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/* Work around a bug of lstat on some systems
Copyright (C) 1997-2006, 2008-2021 Free Software Foundation, Inc.
This program is free software: you can redistribute it and/or modify
it under the terms of the GNU General Public License as published by
the Free Software Foundation; either version 3 of the License, or
(at your option) any later version.
This program is distributed in the hope that it will be useful,
but WITHOUT ANY WARRANTY; without even the implied warranty of
GNU General Public License for more details.
You should have received a copy of the GNU General Public License
along with this program. If not, see <>. */
/* written by Jim Meyering */
/* If the user's config.h happens to include <sys/stat.h>, let it include only
the system's <sys/stat.h> here, so that orig_lstat doesn't recurse to
rpl_lstat. */
#define __need_system_sys_stat_h
#include <config.h>
/* On systems that lack symlinks, our replacement <sys/stat.h> already
defined lstat as stat, so there is nothing further to do other than
avoid an empty file. */
typedef int dummy;
#else /* HAVE_LSTAT */
/* Get the original definition of lstat. It might be defined as a macro. */
# include <sys/types.h>
# include <sys/stat.h>
# undef __need_system_sys_stat_h
static int
orig_lstat (const char *filename, struct stat *buf)
return lstat (filename, buf);
/* Specification. */
# ifdef __osf__
/* Write "sys/stat.h" here, not <sys/stat.h>, otherwise OSF/1 5.1 DTK cc
eliminates this include because of the preliminary #include <sys/stat.h>
above. */
# include "sys/stat.h"
# else
# include <sys/stat.h>
# endif
# include "stat-time.h"
# include <string.h>
# include <errno.h>
/* lstat works differently on Linux and Solaris systems. POSIX (see
"pathname resolution" in the glossary) requires that programs like
'ls' take into consideration the fact that FILE has a trailing slash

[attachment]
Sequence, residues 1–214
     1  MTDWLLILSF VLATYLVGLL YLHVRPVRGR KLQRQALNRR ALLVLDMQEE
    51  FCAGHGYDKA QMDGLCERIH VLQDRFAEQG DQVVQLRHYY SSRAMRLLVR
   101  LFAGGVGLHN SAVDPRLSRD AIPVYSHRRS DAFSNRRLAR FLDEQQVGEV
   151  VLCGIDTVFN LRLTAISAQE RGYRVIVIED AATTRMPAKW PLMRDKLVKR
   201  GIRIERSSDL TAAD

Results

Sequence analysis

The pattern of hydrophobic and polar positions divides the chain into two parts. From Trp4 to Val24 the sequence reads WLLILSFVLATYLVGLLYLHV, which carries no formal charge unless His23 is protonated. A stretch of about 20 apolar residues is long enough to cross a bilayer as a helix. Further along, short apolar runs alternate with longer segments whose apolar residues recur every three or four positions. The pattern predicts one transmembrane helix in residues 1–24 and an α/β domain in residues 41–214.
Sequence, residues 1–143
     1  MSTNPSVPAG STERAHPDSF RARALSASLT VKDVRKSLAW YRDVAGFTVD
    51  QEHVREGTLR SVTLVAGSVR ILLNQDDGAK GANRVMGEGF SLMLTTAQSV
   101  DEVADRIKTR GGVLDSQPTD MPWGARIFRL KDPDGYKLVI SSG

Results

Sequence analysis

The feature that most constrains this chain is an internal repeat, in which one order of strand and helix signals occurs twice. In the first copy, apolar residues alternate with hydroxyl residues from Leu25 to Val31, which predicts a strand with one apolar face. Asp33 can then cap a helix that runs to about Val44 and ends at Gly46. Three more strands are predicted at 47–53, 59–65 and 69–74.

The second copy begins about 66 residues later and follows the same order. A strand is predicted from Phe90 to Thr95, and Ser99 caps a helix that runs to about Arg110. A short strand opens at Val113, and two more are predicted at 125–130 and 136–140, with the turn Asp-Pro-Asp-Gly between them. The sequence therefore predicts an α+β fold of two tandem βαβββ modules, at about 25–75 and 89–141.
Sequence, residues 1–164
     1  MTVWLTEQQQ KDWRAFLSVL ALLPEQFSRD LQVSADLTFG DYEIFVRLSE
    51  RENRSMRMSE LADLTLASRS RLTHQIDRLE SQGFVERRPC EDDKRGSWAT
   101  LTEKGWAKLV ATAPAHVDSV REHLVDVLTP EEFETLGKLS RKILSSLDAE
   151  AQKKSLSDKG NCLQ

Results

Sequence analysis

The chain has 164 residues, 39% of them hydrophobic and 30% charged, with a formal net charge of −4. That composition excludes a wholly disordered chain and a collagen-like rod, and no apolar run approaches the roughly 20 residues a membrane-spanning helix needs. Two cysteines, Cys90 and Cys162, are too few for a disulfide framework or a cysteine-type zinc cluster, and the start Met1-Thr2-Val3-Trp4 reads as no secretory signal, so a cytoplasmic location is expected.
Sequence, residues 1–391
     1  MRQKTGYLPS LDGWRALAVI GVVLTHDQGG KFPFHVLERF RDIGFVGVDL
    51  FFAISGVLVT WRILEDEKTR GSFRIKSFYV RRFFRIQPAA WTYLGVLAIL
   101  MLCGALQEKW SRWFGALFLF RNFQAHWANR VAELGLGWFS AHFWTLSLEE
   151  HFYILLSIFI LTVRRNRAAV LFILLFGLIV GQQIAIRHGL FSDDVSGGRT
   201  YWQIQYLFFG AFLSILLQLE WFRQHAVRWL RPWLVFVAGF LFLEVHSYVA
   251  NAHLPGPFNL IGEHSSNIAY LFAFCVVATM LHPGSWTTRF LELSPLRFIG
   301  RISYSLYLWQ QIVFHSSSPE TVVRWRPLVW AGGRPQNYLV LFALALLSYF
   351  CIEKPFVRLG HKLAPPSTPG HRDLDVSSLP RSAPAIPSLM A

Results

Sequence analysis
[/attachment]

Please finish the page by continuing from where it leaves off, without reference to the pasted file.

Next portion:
when FILE is a symbolic link. On Linux and Solaris 10 systems, the
lstat function already has the desired semantics (in treating
'lstat ("symlink/", sbuf)' just like 'lstat ("symlink/.", sbuf)',
but on Solaris 9 and earlier it does not.
If FILE has a trailing slash and specifies a symbolic link,
then use stat() to get more info on the referent of FILE.
If the referent is a non-directory, then set errno to ENOTDIR
and return -1. Otherwise, return stat's result. */
rpl_lstat (const char *file, struct stat *sbuf)
int result = orig_lstat (file, sbuf);
/* This replacement file can blindly check against '/' rather than
using the ISSLASH macro, because all platforms with '\\' either
lack symlinks (mingw) or have working lstat (cygwin) and thus do
not compile this file. 0 len should have already been filtered
out above, with a failure return of ENOENT. */
if (result == 0)
if (S_ISDIR (sbuf->st_mode) || file[strlen (file) - 1] != '/')
result = stat_time_normalize (result, sbuf);
/* At this point, a trailing slash is permitted only on
symlink-to-dir; but it should have found information on the
directory, not the symlink. Call 'stat' to get info about the
link's referent. Our replacement stat guarantees valid results,
even if the symlink is not pointing to a directory. */
if (!S_ISLNK (sbuf->st_mode))
errno = ENOTDIR;
return -1;
result = stat (file, sbuf);
return result;
#endif /* HAVE_LSTAT */